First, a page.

As I prepare to teach from Tim Keller’s “The Reason for God” I meditate on how the Lord was a friend of sinners while preaching an uncompromising Sermon on the Mount. How do I do that today? I suspect it won’t exactly look like August 1st.
I understand the call to defend marriage and oppose the power plays of certain city mayors, but doesn’t it seem like we simply respond in kind to the opposition ….power for power, rhetoric for rhetoric, manipulation for
Jamie Stober describes himself as a newly confessional Lutheran theologian of the armchair variety who is looking forward for the opportunities coming up ahead on the pilgrimage that is the Christian life. He loves Jesus Christ and wants to serve him with his whole being. But his life is profoundly challenged by a rare disease called Duchenne muscular dystrophy, a form of muscular dystrophy that worsens more quickly than other forms of this crippling illness. Duchenne muscular dystrophy is caused by a defective gene for dystrophin (a protein in the muscles).
Through a mutual friendship Jamie and I met online and then we met a few months ago by telephone. Jamie is a young man who knows that his days are limited but he is filled with a deep determination to make every second count. I asked him to contribute a guest blog to my site. He is, himself, a regular blogger, thus I encourage you to visit his site and to pray for him as a brother in Christ. He is truly a “great soul.”
The last two days I have written blogs about science and creation. I published a review of Brendan Purcell’s new book, From Big Bang to Big Mystery, written by Irish scholar, Dr. Joe McCarroll. I also mentioned that I have invited Dr. Brendan Purcell to speak in the Chicago area on his book at an ACT 3 Luncheon. This event will begin at noon (ending by 1:45 p.m.) on Wednesday, September 12, at Alberto’s, the restaurant of the Holiday Inn located at 150 South Gary Avenue, Carol Stream IL 60188. You can register for this event at our web site. Everyone is invited who is interested in the topic and the event. The cost, which includes the meal, a beverage and the gratuity, is $25.00. Registration is required because of seating limitations.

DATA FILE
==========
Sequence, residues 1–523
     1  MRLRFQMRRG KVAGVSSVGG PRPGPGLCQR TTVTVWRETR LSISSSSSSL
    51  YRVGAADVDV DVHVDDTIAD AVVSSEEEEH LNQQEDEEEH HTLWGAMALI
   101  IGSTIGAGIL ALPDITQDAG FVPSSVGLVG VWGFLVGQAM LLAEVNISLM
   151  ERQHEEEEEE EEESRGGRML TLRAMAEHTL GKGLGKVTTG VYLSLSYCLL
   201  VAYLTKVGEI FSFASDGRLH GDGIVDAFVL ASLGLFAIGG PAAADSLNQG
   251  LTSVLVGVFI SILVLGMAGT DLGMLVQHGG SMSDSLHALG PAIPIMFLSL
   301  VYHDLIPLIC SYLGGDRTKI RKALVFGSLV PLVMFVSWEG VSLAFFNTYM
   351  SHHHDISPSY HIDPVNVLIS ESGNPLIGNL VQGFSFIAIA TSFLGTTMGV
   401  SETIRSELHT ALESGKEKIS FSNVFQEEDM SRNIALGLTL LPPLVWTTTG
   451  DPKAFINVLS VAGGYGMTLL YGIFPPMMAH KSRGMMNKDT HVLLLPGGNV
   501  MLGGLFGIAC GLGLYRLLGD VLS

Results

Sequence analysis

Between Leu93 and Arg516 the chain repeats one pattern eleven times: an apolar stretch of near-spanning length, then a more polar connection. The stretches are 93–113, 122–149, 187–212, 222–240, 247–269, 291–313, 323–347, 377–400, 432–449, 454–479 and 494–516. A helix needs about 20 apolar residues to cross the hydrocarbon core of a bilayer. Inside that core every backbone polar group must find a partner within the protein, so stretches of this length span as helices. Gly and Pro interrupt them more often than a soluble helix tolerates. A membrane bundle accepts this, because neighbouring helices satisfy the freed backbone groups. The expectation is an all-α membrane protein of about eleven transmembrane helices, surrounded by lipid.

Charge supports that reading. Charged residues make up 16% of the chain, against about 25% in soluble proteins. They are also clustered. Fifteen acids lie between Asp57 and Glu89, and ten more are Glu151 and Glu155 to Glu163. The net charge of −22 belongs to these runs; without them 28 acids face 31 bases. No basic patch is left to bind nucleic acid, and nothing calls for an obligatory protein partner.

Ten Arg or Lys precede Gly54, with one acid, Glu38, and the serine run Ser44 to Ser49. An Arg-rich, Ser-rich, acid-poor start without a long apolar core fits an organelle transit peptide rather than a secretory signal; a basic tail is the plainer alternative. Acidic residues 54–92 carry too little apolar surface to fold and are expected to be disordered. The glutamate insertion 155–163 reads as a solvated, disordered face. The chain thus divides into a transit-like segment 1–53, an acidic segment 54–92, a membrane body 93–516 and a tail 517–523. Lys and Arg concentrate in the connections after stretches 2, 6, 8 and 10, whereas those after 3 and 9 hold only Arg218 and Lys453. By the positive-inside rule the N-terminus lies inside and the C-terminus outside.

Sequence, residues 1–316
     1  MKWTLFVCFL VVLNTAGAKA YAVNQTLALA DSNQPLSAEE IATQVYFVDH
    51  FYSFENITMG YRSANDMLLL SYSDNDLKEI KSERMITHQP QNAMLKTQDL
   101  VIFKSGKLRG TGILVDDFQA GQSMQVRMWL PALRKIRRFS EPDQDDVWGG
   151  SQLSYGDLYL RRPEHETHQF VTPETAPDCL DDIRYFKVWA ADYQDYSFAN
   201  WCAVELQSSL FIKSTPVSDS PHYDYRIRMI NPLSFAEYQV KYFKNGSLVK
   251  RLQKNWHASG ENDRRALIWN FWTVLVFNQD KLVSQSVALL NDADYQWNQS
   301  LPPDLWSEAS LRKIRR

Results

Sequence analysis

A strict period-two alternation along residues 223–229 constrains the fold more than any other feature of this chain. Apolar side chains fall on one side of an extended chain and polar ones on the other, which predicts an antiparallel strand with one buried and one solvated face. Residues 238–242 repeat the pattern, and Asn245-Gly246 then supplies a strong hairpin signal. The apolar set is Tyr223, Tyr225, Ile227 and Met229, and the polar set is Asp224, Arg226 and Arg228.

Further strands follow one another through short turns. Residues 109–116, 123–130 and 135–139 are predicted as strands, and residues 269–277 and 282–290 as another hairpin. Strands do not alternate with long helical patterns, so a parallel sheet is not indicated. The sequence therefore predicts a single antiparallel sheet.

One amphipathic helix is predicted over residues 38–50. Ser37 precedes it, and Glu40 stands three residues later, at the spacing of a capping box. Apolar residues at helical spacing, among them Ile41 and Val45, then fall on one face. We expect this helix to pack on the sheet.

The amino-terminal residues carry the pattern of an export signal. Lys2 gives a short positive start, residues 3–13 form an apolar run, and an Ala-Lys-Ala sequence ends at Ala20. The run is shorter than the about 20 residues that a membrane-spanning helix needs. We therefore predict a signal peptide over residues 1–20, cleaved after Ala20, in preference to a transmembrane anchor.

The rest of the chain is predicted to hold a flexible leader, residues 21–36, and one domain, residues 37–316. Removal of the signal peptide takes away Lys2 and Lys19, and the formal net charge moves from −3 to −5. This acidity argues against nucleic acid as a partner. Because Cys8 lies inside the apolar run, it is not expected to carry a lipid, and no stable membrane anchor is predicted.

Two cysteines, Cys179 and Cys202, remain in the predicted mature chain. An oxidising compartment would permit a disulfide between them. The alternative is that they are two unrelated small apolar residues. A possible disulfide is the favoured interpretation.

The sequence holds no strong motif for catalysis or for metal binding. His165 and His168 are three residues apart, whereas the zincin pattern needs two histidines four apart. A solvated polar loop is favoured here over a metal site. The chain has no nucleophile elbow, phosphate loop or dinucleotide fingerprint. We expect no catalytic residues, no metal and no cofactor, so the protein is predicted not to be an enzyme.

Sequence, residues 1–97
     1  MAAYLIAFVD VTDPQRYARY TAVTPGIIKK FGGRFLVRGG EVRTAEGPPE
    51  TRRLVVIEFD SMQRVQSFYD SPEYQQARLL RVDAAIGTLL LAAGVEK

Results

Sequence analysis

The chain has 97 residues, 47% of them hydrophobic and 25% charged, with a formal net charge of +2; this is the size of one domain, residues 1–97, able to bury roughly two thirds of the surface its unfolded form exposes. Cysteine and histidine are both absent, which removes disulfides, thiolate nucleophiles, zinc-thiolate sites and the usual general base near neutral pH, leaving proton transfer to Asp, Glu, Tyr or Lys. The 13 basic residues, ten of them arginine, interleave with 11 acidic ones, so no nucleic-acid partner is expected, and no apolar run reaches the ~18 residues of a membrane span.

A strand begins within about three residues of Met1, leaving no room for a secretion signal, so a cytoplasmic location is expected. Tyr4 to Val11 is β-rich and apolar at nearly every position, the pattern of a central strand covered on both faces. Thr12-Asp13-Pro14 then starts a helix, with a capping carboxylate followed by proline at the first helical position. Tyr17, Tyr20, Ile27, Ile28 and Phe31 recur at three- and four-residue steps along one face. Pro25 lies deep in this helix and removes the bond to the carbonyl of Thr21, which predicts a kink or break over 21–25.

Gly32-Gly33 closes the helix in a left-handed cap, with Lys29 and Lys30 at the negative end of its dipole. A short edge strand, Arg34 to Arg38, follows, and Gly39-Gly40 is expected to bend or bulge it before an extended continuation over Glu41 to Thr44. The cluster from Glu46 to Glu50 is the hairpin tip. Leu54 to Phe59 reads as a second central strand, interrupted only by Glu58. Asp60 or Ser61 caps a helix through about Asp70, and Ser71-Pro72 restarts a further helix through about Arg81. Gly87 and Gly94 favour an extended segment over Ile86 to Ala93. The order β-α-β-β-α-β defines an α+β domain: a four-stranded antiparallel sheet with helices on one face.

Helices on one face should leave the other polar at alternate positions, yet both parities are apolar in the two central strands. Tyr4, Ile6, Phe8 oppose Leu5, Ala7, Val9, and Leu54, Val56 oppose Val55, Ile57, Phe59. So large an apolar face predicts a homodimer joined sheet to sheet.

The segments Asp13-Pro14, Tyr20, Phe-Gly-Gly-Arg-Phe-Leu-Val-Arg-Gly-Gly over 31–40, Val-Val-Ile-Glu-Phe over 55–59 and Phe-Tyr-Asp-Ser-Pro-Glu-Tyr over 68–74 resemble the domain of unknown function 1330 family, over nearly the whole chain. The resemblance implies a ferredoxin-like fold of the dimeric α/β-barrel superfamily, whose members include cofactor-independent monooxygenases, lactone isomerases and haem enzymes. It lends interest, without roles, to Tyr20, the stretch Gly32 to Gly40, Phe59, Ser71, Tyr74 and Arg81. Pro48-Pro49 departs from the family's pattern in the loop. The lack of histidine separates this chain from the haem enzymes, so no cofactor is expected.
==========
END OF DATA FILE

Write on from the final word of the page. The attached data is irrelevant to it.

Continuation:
Dr. Brendan Purcell is a former professor of philosophy at University College Dublin (UCD), Ireland, from where he retired in 2008. Currently, he is an adjunct professor in philosophy at Notre Dame University, Sydney, Australia. He is also a Catholic priest, having been ordained in
Yesterday, I published the first part of Dr. Joe McCarroll’s review of Brendan Purcell’s important new book, From Big Bang to Big Mystery. Today I publish the second part of his review. I believe this portion of the review explains clearly why this is an important book for thinking, serious Christian readers who want to engage the question of origins in a biblically honest and insightful way while properly giving due to what we’ve learned from science over the last several centuries.
From Big Bang to Big Mystery
A Review, Part Two
Apart from those engaged by the issues around evolution I’d say that From Big Bang to Big Mystery – Human Origins in the Light of Creation and Evolution has most to offer those working on the theme of creation.
The book is studded with stunning exclamatory and discursive statements on the contingency and sheer existence of aspects of the finite universe and ourselves, moving back and forth between the pneumatic and noetic dimensions of our experience of groundedness in a transfinite Origin so profoundly explored in Chapter 1, with remarkable quotations from Parmenides (41f.), Aristotle (47), Les Murray